STOP™ For Ergonomics increases the awareness of ergonomic hazards in the workplace. Observing for ergonomic risk factors is a key theme of STOP™ For Ergonomics. Supervisors and employees learn to identify static posture, awkward posture, forceful exertions, repetitive motion, contact stress and vibration. STOP™ For Ergonomics emphasizes preventing injuries related to musculoskeletal disorders (MSDs) and the suffering they cause. STOP™ For Ergonomics focuses on looking at safety in a new way using ergonomic observation categories:
    • Posture
    • Force
    • Repetitive motion
    • Contact stress
    • Vibration.
As with all STOP™ programs, the training employs sound instructional design in its use of a three-pronged approach with five unit workbooks, field activity and an informative DVD program followed by group discussion to reinforce the learning.

The STOP™ For Ergonomics observation checklist data can be entered into STOP DataPro™ to generate reports that help provide leading indicator insights and actionable knowledge on ergonomic hazards in the workplace.

For more information, call 877-714-2324 or email

Join us for a FREE one-hour overview webinar of the STOP™ family of training products.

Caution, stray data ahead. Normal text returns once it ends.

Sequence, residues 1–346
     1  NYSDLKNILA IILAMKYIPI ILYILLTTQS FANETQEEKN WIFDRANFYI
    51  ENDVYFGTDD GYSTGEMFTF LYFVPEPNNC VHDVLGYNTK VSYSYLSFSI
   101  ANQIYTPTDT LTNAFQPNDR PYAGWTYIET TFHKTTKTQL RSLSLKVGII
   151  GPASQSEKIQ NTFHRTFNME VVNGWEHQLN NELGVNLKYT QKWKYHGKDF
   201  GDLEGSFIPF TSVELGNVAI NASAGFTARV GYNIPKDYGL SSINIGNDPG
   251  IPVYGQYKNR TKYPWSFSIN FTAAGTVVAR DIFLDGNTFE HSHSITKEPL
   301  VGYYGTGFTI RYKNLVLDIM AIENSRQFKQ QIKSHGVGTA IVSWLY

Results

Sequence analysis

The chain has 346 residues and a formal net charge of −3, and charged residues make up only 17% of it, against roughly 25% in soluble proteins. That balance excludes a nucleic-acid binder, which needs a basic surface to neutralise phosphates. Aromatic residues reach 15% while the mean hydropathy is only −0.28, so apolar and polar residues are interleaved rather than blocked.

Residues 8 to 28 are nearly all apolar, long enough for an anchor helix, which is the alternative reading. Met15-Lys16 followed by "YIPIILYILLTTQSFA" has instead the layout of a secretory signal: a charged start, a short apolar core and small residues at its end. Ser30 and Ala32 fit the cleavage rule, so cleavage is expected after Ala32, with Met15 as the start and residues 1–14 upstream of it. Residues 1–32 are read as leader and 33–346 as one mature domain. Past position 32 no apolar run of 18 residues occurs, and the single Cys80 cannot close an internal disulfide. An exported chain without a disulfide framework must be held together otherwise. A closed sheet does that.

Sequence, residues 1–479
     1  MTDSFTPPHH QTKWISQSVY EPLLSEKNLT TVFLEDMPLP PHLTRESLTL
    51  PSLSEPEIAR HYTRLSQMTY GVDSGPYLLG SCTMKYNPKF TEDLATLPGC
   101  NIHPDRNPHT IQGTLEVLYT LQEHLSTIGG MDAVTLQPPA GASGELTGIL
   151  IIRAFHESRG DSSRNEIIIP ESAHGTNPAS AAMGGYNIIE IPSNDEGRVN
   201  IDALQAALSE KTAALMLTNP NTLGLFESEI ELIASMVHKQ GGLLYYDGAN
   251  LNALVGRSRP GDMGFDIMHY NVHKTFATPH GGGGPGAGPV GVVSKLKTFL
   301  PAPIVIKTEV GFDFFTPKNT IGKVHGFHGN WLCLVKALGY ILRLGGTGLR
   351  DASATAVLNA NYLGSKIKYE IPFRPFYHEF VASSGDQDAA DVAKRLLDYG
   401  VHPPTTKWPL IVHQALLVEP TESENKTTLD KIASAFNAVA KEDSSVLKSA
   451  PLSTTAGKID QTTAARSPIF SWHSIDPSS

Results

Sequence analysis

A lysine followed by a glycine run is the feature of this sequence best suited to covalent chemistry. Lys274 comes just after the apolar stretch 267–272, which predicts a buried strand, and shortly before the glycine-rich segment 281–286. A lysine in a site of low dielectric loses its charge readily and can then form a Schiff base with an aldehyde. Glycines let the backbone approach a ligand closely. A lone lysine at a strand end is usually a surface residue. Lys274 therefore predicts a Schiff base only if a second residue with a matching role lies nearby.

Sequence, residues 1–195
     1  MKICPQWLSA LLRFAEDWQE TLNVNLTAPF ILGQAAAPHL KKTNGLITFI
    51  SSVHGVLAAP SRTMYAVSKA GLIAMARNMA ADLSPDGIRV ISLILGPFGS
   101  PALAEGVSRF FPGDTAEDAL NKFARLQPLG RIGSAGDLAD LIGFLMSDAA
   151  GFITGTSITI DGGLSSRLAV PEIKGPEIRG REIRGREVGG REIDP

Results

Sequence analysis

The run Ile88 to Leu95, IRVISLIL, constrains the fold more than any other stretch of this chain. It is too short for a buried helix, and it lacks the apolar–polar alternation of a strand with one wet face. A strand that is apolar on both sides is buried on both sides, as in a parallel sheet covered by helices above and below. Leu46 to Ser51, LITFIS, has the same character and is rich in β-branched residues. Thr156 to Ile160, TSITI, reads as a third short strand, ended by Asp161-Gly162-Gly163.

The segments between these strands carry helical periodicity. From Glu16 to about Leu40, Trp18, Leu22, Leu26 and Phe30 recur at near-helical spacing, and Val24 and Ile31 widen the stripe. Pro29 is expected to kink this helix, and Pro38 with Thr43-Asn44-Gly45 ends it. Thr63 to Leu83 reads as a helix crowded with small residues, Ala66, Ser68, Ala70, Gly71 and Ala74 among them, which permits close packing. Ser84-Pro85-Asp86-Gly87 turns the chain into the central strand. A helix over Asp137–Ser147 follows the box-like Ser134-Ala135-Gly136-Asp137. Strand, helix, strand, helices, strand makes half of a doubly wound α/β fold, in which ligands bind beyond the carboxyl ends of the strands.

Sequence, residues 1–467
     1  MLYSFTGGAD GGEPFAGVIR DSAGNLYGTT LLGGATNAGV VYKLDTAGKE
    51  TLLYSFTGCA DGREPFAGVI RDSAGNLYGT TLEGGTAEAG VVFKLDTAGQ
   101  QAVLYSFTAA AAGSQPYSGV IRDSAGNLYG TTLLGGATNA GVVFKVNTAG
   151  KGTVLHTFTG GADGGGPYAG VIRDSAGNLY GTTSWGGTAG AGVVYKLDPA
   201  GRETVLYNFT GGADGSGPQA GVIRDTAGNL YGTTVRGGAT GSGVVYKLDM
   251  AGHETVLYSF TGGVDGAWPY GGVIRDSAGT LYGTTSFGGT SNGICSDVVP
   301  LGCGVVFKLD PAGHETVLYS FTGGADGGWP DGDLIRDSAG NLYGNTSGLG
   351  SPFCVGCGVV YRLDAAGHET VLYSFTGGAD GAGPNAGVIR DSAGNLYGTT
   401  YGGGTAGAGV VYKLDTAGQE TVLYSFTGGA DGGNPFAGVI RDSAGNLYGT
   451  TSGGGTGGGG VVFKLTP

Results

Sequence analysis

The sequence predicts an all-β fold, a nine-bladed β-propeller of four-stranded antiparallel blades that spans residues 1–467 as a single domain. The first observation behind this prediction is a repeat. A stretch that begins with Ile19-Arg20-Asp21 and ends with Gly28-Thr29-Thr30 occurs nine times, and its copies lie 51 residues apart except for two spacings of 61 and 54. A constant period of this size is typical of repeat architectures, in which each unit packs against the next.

Copyright 2010 E.I. du Pont de Nemours and Company. All rights reserved. The DuPont Oval Logo, DuPont™, The miracles of science™, STOP™ and the STOP™ logo are registered trademarks or trademarks of DuPont or its affiliates.

Call 888-203-8424 to learn how to get safety going in your organization.

Join us for a FREE one-hour overview webinar!

Attend a one-day STOP™ workshop in your area!
New Confined Space Entry Training Series
Three programs help shed light on the hazards.

Every year numerous injuries and fatalaties occur in confined spaces. DuPont Sustainable Solutions has put together a three-part series, including Confined Space Entry: Plan And Prepare, Confined Space Atmospheric Testing, and Confined Space Ventilation, to help your workers avoid the dangers of working in these hazardous atmospheres.

Each program can stand alone or be used together for a powerful lesson on how to work safer. Test your confined space knowledge with this quick quiz: